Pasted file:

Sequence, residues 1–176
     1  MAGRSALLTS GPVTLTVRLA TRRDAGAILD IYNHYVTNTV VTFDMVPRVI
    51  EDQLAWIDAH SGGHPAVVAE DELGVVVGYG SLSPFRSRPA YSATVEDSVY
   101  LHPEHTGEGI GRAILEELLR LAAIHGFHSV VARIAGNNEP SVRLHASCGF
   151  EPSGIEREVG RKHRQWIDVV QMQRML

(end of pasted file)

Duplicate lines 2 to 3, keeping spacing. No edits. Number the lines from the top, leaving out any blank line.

     1  MAGRSALLTS GPVTLTVRLA TRRDAGAILD IYNHYVTNTV VTFDMVPRVI
    51  EDQLAWIDAH SGGHPAVVAE DELGVVVGYG SLSPFRSRPA YSATVEDSVY